Goop tries to be evidence based in his talk but encounters a problem: there has been next to no research on this question in clinical medicine. In attempting to work around the problem Goop has to look to non medical fields, in which there is a fair body of research on what makes an expert. But such research tends to be unconvincing, as comparison of the art and science of medicine with the mechanics of industry falls short time after time. Fortunately though Goop sprinkles in plenty of personal insights he has gained on his journey to becoming a master clinician. I'll unpack a few things here that rang true to me although I recommend everyone watch the video in its entirety at the link above.

It's a lot about attitude.
Complacency is the enemy. The slide appearing about six minutes into the talk reflects the typical career learning curve. Early on the curve is steep. Everything is new and it's a struggle. After a while, though, things get easier. As experience accumulates we become comfortable and the curve flattens. This, according to Goop, is a zone of complacency where professional stagnation and eventual decline may ensue. The key to staying out of this rut is to keep the curve steep but it takes deliberate effort. If you're comfortable in a particular content area make it harder by inventing new challenges and go after them. Curiosity and humility, the realization of how little you know, are important drivers.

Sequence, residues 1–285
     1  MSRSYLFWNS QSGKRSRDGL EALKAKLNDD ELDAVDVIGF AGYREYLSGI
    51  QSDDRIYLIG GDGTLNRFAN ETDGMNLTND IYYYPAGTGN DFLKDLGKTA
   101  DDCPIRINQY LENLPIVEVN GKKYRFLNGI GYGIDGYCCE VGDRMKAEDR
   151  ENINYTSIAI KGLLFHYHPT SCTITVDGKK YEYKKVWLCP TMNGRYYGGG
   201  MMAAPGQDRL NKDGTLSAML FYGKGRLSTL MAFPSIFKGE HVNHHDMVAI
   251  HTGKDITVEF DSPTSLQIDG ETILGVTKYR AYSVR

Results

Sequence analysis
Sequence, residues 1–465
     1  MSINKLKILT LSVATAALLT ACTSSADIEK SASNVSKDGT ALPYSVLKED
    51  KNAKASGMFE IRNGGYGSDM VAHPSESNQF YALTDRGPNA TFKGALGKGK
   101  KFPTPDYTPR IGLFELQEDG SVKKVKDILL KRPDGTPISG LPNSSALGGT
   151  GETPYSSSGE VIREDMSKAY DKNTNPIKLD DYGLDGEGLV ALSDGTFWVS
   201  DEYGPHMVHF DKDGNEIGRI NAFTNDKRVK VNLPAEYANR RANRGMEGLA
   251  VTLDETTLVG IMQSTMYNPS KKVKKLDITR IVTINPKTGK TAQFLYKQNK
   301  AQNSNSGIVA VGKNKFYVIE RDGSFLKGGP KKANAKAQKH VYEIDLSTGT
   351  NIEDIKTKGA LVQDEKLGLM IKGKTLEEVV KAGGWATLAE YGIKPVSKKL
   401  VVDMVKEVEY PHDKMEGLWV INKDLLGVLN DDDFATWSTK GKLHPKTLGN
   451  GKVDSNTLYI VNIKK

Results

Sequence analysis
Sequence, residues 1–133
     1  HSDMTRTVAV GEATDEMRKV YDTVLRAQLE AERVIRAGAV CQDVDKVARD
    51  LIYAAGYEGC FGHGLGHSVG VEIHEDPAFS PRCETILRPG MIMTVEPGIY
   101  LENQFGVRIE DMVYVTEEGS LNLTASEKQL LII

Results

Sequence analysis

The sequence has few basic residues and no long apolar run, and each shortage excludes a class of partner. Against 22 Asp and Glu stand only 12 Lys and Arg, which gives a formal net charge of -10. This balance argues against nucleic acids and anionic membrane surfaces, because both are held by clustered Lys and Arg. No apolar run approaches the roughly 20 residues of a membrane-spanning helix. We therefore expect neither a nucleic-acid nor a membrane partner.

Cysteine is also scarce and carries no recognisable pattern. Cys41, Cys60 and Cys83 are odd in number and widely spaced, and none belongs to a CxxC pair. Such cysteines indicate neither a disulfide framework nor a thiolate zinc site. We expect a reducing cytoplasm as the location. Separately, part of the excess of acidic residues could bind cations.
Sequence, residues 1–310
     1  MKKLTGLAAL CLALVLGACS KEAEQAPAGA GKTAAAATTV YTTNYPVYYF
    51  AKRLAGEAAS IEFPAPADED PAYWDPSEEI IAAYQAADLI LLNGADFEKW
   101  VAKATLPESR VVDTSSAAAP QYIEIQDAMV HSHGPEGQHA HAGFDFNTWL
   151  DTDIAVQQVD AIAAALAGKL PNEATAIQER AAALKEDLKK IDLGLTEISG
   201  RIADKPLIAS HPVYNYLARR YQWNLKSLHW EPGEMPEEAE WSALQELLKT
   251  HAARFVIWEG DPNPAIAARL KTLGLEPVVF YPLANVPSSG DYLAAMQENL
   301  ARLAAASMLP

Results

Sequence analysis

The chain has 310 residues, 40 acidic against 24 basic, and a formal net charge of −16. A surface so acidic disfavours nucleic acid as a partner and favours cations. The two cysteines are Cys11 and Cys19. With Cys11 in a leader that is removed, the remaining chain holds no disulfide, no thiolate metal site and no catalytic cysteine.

Practice must be deliberate.
Passive practice, the kind we get from seeing a lot of patients, is an inefficient learning method. Deliberate practice might mean, for example, making it a point to carefully review as many electrocardiograms (or rashes or images, etc) as possible during a given month along with related material in textbooks or review articles.

Make the most of case reports.
Though relegated to “low impact” status in medical journals, case reports can be powerful learning tools when read with deliberate learning objectives (not just casually). Case records and clinical problem solving exercises in the New England Journal of Medicine are but two examples.

Is this the next version of MOC? It's a lot of work but there is a key difference. Unlike MOC this is self motivated and self directed. And it's a much more robust form of learning than that which is imposed by some outsider who knows nothing of your educational needs.


Deployment related lung disease---recent insights

Here is an update from Current Opinion in Pulmonary Medicine.

Background from previous posts on this topic can be found here.

Atrial fibrillation and silent cerebral infarction (SCI)

There is a two fold increase in the odds for SCI attributable to atrial fibrillation in this systematic review and meta-analysis.